The result of the Shape Combine command, a rectangle with an oval “hole: in the center.

The result of the Combine Shapes CommandOnce the mask is created, you can dress it up. Below, I’ve changed the fill to an image of a leafy forest floor.

The forest floor has a hole in it.Now I can layer whatever image I wish (in this case a frog) under the mask. You can animate the layer underneath the mask. Can you image a wheel of creatures rotating into the viewpoint in the center of the mask? That would be great for a talk about ecology!

Adding a public Google Calendar is a great way to present activities in an easily shared fashion.

Make a public calendar. This can be an existing calendar or one created for this purpose.

### Make the Calendar Public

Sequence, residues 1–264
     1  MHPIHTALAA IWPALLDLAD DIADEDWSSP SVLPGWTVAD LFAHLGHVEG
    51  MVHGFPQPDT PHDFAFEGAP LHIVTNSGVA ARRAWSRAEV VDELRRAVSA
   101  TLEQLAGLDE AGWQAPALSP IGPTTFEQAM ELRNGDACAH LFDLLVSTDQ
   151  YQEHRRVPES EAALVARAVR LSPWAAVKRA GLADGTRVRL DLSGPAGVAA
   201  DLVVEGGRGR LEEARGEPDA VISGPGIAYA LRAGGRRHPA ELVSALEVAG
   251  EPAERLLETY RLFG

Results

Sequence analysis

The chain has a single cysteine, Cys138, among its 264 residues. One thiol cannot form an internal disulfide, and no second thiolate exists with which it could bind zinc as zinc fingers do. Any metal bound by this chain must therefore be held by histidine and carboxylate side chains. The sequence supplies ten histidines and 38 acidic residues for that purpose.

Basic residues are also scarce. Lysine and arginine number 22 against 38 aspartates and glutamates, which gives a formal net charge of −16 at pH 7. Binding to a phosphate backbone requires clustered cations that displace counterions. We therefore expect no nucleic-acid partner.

After the calendar has been created, click on the drop-down arrow beside the calendar name and choose Calendar Settings. The Calendar Details page will open.

Enable the Make this calendar public checkbox.

Click the Save button.

The calendar view will be displayed.

### Customize the Calendar HTML Code

Click on the drop-down arrow beside the calendar name and choose Calendar Settings. The Calendar Details page will open:

Scroll down the page and find the Embed This Calendar section.

Click on the Customize the color, size, and other options link.
A new window or tab will open, the Google Embeddable Calendar Helper:

A preview of your calendar is visible. You can change the title, default view and other elements of the calendar. The view will update to show you what your calendar will look like when the changes are applied. If you do make changes, be sure to press the UPDATE HTML button to ensure those changes are reflected in the HTML.

Be prepared to copy and paste the HTML code. However, do not do so yet.

Click the Use App link on the left hand side of the page.

The Static HTML: iframe tabs page will appear:

Click the Add Static HTML to a Page button.

The Add Page Tab window will open:

Click the Add Page Tab button.